EUPROTEINAQUA

EUPROTEINAQUA

2010/2013

Production of vegetable protein concentrates by micronization and grain size separation in airflow: applications in aquaculture

Partners

University of Trás-os-Montes and Alto Douro (UTAD); Sparos Lda.; Esteve Santiago S.A. (ESASA)

Summary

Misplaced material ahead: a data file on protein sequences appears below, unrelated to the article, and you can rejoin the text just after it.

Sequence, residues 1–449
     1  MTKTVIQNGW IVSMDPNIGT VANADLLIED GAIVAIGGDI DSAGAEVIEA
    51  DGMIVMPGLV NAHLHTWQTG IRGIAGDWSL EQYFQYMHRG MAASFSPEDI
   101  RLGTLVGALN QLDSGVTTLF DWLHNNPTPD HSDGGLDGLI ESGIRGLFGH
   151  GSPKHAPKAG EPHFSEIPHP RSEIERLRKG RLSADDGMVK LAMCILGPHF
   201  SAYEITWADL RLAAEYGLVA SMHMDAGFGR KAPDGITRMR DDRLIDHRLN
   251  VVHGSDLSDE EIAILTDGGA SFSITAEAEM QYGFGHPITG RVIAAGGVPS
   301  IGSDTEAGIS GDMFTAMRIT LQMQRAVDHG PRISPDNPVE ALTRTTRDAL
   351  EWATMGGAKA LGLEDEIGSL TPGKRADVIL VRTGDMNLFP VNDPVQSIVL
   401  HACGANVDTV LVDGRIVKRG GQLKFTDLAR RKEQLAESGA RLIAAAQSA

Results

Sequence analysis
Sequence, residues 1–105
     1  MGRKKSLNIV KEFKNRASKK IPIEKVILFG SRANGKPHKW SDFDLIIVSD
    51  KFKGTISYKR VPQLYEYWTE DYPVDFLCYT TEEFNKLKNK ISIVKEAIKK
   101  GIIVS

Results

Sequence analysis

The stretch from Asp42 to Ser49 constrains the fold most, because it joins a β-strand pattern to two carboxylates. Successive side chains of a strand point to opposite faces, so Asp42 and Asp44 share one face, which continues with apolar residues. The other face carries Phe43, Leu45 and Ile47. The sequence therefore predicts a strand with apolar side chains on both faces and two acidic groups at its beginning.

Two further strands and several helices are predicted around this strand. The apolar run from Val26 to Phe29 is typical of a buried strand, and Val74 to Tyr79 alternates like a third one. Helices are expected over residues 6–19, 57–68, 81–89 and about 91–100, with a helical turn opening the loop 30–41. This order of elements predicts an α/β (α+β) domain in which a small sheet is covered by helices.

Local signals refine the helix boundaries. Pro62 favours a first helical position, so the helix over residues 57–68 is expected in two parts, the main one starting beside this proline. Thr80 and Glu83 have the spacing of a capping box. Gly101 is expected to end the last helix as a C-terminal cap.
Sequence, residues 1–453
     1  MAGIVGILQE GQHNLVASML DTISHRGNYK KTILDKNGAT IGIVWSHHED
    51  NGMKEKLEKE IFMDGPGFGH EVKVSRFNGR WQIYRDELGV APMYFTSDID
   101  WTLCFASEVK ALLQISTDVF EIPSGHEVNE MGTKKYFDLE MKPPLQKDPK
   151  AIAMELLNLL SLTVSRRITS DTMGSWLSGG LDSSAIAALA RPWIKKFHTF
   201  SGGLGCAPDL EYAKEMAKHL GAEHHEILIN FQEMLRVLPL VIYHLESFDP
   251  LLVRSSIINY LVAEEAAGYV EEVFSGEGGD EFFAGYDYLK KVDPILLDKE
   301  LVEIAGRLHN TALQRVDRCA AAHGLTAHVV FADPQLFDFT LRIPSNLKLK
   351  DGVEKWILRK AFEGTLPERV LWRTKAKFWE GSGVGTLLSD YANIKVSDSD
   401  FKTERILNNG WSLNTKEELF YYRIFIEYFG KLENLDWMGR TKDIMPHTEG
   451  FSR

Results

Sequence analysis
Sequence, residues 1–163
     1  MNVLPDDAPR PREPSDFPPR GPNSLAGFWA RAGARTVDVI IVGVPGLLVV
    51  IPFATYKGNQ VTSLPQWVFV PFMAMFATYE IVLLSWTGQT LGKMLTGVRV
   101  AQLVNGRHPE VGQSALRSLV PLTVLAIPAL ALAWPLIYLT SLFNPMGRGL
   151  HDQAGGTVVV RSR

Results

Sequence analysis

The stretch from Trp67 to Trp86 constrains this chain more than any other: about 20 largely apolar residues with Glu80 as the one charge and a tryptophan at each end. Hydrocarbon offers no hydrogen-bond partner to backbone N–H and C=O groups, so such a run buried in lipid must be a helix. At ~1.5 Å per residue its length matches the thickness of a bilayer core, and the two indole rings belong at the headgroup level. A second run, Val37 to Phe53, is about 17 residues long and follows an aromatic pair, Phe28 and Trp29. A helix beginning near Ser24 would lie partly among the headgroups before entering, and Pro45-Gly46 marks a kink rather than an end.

Aquaculture assumes a vital role as a source of fish to meet the growing needs of the human population. A responsible development of this industry should be based on the balance between quality and food safety, the environmental impact of production systems and taking into account any socio-economic implications. Several species of aquaculture fish, such as salmon, trout, sea bream or sea bass, are considered carnivorous. In captivity, these species are fed with diets rich in protein and fat and derived from ingredients of marine origin, such as flours and fish oils. Reducing the inclusion of these ingredients of marine origin in fish feed is one of the greatest challenges today for the future sustainability of aquaculture. Promoting the use of sustainable ingredients in the diets of these animals, by replacing flour and fish oil with ingredients of plant origin (e.g. soy, corn, wheat, lupine, etc.) is one of the research priorities at European level. However, the incorporation of high levels of traditional plant proteins (soy, corn, wheat, lupine, among others) results in a reduction in fish growth performance, generally associated to lower protein digestibility, lower food appetite, possible imbalance in the amino acid profile, the elevation of the fiber level and the presence of anti-nutritional factors (ANF). In this context, the development of protein concentrates of plant origin with increased nutritional value (e.g. high protein digestibility, elimination of FANs) is a valid solution and already successfully tested in fish. However, the costs associated with the traditional processes of separation and concentration of the protein fraction (aqueous extraction and / or with organic solvents) make these products too expensive for the animal production sector. An interesting alternative for the production of protein concentrates is the innovative use of a "dry" process, based on micronizing techniques and gravimetric classification under a continuous airflow. The EUPROTEINAQUA project aimed to develop plant protein concentrates from European cultures of lupine, corn, broad bean, peas and rapeseed using the innovative association of a spraying / micronizing process for protein and starch fractionation and subsequent gravimetric separation in continuous airflow. In addition to the implementation of the new technological process, the project also aimed at the analytical characterization of protein concentrates in terms of anti-nutritional factors and the validation of their biological efficacy in fish (trout and sea bream) feeding.

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